Child Rights in Burma Spotlighted on World Children’s Day

By San Yamin Aung 20 November 2014

RANGOON — More than 200 civil society organizations sent an open letter to Burma’s President Thein Sein on Thursday, calling on the government to promote child rights and draw up effective laws to protect the country’s youth from abuses.

Aung Myo Min, executive director of Equality Myanmar, said the letter was sent to coincide with the 25th anniversary of the UN Convention on the Rights of the Child (CRC), with 234 civil society organizations both foreign and local signing on.

“Burma was one of the countries that signed the CRC but the government’s performance on child rights has been weak. So we, civil society, want to remind the government about their promises regarding the convention,” he said.

In the letter, the civil society groups said child labor issues, sexual violence, human trafficking and humanitarian conditions at camps for internally displaced persons (IDPs) were among the most acute problems facing children in Burma.

“We have noticed that the sexual violence against children is severely rising,” said the civil society coalition, listing 11 requests in the letter including more government spending on education, health care and social welfare for children; legislative protections for violence against children including child soldiers; and encouraging a more inclusive education for all, including those with disabilities, as part of an overall effort to promote child rights.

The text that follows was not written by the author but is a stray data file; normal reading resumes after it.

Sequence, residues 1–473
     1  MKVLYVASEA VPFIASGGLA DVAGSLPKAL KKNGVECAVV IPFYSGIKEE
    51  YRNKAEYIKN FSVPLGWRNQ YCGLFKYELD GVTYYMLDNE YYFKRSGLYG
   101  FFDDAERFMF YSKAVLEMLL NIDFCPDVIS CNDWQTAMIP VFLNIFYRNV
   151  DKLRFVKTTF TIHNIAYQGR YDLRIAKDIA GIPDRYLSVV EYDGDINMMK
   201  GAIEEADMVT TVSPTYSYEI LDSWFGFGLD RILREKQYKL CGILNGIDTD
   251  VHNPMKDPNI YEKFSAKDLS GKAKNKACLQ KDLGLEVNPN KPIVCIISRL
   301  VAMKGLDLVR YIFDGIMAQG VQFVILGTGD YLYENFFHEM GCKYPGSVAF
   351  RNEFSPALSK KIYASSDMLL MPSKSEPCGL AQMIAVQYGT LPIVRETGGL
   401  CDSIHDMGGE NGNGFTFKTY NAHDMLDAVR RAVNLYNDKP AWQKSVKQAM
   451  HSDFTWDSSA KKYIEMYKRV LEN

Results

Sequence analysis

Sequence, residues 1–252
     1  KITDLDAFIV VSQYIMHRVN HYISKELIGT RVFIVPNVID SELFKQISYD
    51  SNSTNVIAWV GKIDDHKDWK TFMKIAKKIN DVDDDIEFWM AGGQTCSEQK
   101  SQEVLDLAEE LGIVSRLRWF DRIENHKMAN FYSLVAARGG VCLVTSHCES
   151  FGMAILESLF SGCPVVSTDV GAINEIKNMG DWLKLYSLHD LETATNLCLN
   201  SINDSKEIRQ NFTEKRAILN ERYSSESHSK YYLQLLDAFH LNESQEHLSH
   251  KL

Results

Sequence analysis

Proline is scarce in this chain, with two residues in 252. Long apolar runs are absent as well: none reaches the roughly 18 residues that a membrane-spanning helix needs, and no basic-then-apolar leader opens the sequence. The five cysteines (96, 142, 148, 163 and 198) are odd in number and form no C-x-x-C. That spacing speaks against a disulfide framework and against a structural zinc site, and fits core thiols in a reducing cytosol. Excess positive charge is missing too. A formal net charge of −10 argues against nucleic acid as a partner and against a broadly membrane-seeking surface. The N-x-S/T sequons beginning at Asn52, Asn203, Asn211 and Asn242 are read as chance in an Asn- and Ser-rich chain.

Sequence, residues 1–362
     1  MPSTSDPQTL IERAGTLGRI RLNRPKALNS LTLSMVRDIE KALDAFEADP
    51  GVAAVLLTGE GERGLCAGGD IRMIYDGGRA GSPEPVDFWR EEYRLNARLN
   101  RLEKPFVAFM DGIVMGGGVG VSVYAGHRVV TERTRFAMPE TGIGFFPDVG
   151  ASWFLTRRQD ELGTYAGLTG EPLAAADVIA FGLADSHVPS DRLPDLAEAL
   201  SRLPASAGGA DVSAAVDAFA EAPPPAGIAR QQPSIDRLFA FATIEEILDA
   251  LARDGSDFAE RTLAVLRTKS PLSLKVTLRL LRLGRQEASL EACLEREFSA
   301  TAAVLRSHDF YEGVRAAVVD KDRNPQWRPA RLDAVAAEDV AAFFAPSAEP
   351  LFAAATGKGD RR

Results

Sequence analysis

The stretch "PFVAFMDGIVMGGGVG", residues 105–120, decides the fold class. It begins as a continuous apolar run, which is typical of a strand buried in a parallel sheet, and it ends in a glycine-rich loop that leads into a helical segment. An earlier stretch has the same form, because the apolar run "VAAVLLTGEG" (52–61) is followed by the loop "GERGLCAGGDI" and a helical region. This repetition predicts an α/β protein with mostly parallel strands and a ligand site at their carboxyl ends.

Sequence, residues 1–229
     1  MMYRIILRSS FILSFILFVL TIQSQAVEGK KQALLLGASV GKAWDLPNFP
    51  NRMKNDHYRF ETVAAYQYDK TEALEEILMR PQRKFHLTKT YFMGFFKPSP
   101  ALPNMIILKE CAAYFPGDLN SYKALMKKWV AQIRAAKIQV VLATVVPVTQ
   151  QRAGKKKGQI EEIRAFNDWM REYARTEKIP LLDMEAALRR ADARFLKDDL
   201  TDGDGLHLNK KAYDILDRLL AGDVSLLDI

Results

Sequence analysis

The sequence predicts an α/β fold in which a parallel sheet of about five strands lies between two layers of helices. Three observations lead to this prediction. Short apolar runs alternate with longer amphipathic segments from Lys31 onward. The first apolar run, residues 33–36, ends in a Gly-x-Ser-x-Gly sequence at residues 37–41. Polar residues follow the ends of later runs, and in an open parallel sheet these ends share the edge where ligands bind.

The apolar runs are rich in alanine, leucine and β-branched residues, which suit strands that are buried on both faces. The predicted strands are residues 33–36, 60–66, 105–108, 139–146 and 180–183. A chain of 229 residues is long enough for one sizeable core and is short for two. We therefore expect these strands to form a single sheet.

“Some disagree about prioritizing child rights, but child rights abuses are problems that we need to solve immediately,” Aung Myo Min said.

Burma signed the UN Convention on the Rights of the Child in 1991. While some progress has been made under the reformist government that took power in 2011, child soldiers remain within the ranks of the military and child laborers are still a common sight on the streets of Rangoon and among the country’s largely agrarian populations.

In Rangoon and Mandalay, celebrations to mark the 25th anniversary of the UN Convention on the Rights of the Child and World Children’s Day were held.

Around 20 civil society organizations in Rangoon held an event to mark World Children’s Day at the National Races Village on Thursday. More than 500 children joined the event, which included discussions by children on child rights issues, as well as youth performances and games.

“We reduced the adults’ participation in today’s event. We mainly targeted children’s participation and arranged things based on the children’s decisions,” said Aung Myo Min.

He said the aim of the celebration was to raise awareness among parents and the broader public about child rights, and to encourage children to express their feelings. Organizers also hoped the event would encourage greater government attention to child rights issues.

In Mandalay, more than 1,000 children celebrated four days earlier on Sunday.

“We targeted street children, orphans, and children from philanthropic and monastic schools and the disabled, because they face discrimination more than other children and we wanted them to be happy at the event,” said Naing Naing from the Mandalay branch of Equality Myanmar.

He added that the government should implement the commitments laid out in the UN Convention on the Rights of the Child as soon as possible.